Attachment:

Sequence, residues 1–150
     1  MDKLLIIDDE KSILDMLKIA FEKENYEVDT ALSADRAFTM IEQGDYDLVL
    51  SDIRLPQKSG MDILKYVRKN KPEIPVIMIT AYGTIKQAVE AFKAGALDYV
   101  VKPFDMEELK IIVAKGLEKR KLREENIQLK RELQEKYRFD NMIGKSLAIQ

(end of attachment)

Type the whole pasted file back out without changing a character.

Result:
Sequence, residues 1–150
     1  MDKLLIIDDE KSILDMLKIA FEKENYEVDT ALSADRAFTM IEQGDYDLVL
    51  SDIRLPQKSG MDILKYVRKN KPEIPVIMIT AYGTIKQAVE AFKAGALDYV
   101  VKPFDMEELK IIVAKGLEKR KLREENIQLK RELQEKYRFD NMIGKSLAIQ